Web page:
The George Street Playhouse in New Brunswick kicks off the new year with the world premiere of Ibsen’s Ghost, written by and starring Charles Busch. It is a fanciful speculation about Suzanna Ibsen, widow of Norwegian playwright Henrik Ibsen (A Doll’s House, Ghosts, Hedda Gabler), and the events of June 1906, following the great man’s passing.
Like so many of Busch’s plays, Ibsen’s Ghost is filled with sexual overtones and rude, potentially offensive humor. As directed by longtime collaborator Carl Andress, Busch plays Suzanna in his best grand dame style, wearing glamorous period outfits designed by Gregory Gale and staking a claim to every inch of Shoko Kambara’s gorgeous drawing room set — one of the best I’ve seen in a George Street production.
Suzanna is trying to interest Ibsen’s long-time publisher, George Elstad (Christopher Borg), in publishing a collection of letters written between husband and wife. She is also trying to cement her standing as her husband’s co-worker, collaborator, and muse. This leads to confrontations with her stepmother, Magdalene Thoresen (Judy Kaye), and one of Ibsen’s female “protegeés”, Hannah Solberg (Jennifer Van Dyck), who claims her life story was appropriated for the plot of Hedda Gabler and plans to have her own scandalous diary published.
Suzanna is also confronted by Wolf Dahlquist (Thomas Gibson), a sailor who is Ibsen’s illegitimate son. Breaking into Suzanna’s house seeking a souvenir of the father he never knew, the two soon embark on a passionate affair. Rounding out the cast of characters is Gerda (Jen Cody), Suzanna’s diminutive, mobility-impaired maid, and the Rat Wife (Borg, in a dual role), an eccentric lady exterminator who appears to have special talents.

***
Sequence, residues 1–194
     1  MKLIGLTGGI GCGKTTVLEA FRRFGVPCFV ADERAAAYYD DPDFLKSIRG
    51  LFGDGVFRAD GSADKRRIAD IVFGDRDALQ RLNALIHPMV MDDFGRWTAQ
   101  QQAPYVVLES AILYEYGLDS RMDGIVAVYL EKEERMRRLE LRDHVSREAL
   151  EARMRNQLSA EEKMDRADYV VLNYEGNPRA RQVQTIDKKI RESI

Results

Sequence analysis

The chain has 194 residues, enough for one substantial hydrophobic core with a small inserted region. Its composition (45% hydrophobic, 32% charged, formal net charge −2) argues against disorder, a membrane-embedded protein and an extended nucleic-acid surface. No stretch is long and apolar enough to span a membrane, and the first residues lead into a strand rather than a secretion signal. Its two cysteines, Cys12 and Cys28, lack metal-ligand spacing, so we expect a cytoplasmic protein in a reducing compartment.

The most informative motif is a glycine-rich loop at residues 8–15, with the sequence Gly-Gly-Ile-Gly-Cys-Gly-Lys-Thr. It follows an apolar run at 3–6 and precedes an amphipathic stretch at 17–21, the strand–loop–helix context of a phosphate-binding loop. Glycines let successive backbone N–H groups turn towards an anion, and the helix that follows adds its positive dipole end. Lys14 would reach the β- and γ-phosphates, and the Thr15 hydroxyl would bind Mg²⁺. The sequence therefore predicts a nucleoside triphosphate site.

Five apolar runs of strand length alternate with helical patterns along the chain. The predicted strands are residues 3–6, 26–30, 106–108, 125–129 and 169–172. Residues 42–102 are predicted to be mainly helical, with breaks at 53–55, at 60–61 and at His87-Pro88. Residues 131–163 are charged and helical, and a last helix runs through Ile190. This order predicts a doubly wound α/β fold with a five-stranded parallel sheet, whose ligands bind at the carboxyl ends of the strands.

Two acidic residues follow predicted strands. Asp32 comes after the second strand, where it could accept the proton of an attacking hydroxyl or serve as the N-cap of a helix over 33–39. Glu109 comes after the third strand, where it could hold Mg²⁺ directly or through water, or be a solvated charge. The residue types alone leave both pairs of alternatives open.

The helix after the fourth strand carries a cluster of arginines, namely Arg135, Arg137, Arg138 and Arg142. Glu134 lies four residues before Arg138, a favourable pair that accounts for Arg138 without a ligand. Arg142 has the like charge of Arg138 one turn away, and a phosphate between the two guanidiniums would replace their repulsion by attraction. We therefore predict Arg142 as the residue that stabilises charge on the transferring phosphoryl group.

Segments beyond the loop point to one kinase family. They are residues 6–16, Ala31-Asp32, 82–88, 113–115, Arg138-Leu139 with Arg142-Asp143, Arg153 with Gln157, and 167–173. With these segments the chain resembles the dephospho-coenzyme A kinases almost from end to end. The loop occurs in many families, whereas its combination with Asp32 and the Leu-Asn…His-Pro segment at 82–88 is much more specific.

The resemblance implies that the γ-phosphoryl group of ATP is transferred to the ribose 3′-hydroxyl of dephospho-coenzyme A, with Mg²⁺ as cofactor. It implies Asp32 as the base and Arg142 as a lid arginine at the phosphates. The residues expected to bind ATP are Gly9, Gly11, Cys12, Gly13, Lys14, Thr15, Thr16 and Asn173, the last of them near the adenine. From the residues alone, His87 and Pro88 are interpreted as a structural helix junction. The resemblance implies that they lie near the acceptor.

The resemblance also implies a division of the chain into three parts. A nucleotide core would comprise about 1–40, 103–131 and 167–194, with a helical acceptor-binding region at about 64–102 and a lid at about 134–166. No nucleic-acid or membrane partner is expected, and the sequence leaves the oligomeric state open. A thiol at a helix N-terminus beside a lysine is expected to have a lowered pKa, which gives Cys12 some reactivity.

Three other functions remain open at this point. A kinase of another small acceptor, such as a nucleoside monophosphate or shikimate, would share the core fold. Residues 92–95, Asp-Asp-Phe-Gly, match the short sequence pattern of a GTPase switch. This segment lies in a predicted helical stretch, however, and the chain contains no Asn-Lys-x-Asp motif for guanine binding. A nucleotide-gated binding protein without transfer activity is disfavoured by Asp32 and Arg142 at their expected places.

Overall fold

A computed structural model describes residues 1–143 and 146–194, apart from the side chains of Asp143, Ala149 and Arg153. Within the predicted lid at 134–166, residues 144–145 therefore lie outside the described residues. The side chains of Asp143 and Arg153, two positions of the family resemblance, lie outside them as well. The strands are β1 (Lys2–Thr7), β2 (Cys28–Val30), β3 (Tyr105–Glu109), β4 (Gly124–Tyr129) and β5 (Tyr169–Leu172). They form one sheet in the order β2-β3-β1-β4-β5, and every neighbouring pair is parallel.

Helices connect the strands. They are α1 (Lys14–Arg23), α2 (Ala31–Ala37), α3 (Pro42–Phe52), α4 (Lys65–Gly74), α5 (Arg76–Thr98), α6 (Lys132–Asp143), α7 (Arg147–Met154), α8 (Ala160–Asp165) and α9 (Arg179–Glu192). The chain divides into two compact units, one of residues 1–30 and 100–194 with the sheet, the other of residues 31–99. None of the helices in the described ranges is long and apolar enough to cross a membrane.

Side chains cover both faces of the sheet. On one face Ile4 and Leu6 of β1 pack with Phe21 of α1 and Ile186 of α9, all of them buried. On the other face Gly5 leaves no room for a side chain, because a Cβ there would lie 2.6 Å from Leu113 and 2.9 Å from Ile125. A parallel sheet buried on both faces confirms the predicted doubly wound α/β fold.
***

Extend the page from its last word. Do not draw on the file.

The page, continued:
The three main female characters — Suzannah, Magdalene, and Hannah — represent different aspects of women writers in the earliest days of the 20th Century. Suzanna, who had her own writing career, abandoned it to take on the roles of wife, uncredited co-author, and inspiration to her famous playwright husband. Magdalene, while not considered a world-breaking talent, is extremely prolific and thus seemingly always in demand. Hanna is talented, but has chosen to present her works under a male pseudonym to be judged on her talent, rather than her sex.
I have to admit that I enjoyed the second act much more than the first act. It was difficult to feel sympathy for the characters at the beginning, with too much of the dialog being mushy. Whether this was due to the cast’s opening night nerves or a problem with the actors’ mikes I do not know. However, I found things were a bit tighter-paced in the second act, with the lines more clearly audible and the action building to a frenetic climax. All in all, I found myself liking the play but not loving it, although it generates its fair share of laughter.
Ibsen’s Ghost may not be on a par with other works by Charles Busch, such as Times Square Angel, The Tale of the Allergist’s Wife, and The Lady in Question. However, it does make for a pleasant evening in the theater, and the chance to see Mr. Busch performing one of his larger-than-life female characters is not to be missed. An outlandish, unapologetic diva in the high style is hard to find these days, and you will find one in Ibsen’s Ghost.
Ibsen’s Ghost is presented by the George Street Playhouse at the Arthur Laurents Theatre in the New Brunswick Performing Arts Center through Feb. 4, 2024. For more information, or to purchase tickets, go to georgestreetplayhouse.org or call 732-246-7717.